Let’s just talk about these books, as they are what I’ve been reading. I remember, Mel Gibson was talking about making a film about the Maccabean revolt but he never did. Pity, I think that’d have been an awesome film. So let’s discuss the context, history, and spirituality behind the books.
Some parts talk of what Antiochus did, he was that little horn that Daniel spoke of, a precursor for the antichrist.
I know that these two books are not included in the Protestant Bibles, which I wonder why. Its a shame because why keep them out from what is considered Holy Scripture?
I’m afraid its been years since I studied those books- I’m not sure I can say anything about them for this thread, but I find them to be important books, especially since they are the books Jesus Himself referred to in some Scripture.
Sadly, how incomplete the Protestant’s understanding would be since they are missing that Scripture… they would not be able to know what Jesus was talking about in certain passages. I’m sorry I’d post the passages, but I can’t even remember what it was that I found that He said that referred to Maccabees- I just know that its one of the reasons why I came home to the Catholic Church, because I found the Protestant Bible sadly lacking in totality, thus the ability to understand as Scripture itself touts that Scripture must be taken as a whole. How can they when books are missing?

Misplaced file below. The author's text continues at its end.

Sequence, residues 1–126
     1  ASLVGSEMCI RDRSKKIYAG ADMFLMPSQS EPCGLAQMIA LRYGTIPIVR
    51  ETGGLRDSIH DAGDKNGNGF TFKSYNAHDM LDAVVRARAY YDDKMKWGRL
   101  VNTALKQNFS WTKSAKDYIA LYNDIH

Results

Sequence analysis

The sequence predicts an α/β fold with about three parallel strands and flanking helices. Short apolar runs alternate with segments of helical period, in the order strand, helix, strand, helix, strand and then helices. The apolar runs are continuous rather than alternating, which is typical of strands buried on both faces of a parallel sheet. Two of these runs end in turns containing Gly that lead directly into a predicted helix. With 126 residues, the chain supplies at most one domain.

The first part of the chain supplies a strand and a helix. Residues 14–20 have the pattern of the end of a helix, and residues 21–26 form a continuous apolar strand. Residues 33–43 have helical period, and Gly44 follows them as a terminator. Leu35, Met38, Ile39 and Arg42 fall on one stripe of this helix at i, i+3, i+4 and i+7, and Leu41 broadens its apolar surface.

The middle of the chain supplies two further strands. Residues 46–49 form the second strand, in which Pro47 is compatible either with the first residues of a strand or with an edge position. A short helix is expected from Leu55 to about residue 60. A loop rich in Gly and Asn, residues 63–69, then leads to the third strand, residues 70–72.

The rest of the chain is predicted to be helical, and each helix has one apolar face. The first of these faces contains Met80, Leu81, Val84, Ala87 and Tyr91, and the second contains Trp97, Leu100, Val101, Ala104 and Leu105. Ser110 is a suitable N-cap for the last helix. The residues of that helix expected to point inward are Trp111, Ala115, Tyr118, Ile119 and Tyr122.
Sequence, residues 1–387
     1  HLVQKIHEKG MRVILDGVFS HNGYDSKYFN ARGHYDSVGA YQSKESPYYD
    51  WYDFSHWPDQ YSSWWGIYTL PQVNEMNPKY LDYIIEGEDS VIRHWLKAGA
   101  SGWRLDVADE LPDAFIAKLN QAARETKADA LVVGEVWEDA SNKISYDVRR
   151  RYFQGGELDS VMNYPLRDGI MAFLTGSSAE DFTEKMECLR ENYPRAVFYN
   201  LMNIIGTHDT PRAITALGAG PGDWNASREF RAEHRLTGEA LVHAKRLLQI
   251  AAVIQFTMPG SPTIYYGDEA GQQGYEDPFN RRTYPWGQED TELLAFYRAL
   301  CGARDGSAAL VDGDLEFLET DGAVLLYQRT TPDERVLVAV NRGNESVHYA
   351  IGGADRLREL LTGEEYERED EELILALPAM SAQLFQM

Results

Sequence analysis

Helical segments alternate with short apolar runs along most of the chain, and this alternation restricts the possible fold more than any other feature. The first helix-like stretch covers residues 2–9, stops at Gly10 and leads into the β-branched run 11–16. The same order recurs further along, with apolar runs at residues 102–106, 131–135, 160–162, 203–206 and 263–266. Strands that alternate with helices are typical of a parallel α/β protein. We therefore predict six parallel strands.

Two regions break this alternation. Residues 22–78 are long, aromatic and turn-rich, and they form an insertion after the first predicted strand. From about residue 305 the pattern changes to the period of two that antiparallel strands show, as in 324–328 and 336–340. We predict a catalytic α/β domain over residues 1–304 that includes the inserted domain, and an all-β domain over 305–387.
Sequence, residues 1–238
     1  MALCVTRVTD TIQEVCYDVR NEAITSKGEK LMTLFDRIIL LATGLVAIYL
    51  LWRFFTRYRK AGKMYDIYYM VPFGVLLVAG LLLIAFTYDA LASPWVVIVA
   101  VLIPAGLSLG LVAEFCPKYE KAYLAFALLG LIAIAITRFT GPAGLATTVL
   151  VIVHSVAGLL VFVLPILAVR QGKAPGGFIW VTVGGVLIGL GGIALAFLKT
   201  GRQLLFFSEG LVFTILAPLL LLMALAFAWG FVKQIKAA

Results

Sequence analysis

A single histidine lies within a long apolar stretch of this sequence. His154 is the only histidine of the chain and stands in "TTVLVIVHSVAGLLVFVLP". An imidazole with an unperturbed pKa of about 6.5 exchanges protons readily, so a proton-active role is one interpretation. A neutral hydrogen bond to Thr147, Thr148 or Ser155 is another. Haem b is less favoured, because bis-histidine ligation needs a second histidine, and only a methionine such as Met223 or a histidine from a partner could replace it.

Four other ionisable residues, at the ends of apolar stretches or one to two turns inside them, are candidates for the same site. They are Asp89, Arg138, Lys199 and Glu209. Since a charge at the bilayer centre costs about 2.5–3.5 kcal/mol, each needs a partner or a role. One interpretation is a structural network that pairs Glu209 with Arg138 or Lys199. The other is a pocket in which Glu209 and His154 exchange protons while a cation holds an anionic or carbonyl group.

One aspect is that they portray the pre-Christian time in which the practice of Judaism was banned under the threat of death. How those who “contend for the faith” are rewarded. Perhaps most interesting is that Judaism was indeed restored, combined with the cleansing of the temple (1st Hanukkah) so that our Lord could be born under the Mosaic law in order to fulfill the law (see Galatians 4:4). The Hasmonean Dynasty also ushered in a new priesthood, not of the House of Aaron, presaging the eternal priesthood of Christ. Sacrifice and prayers for the dead, and the concept of Purgatory are in 2 Maccabees 12.
Martin Luther rejected 1 and 2 Mc because they were not in the Jewish Bible, while Judaism rejects them because they were written in Greek.
…well… it would have been an epic movie, at the level of Masada.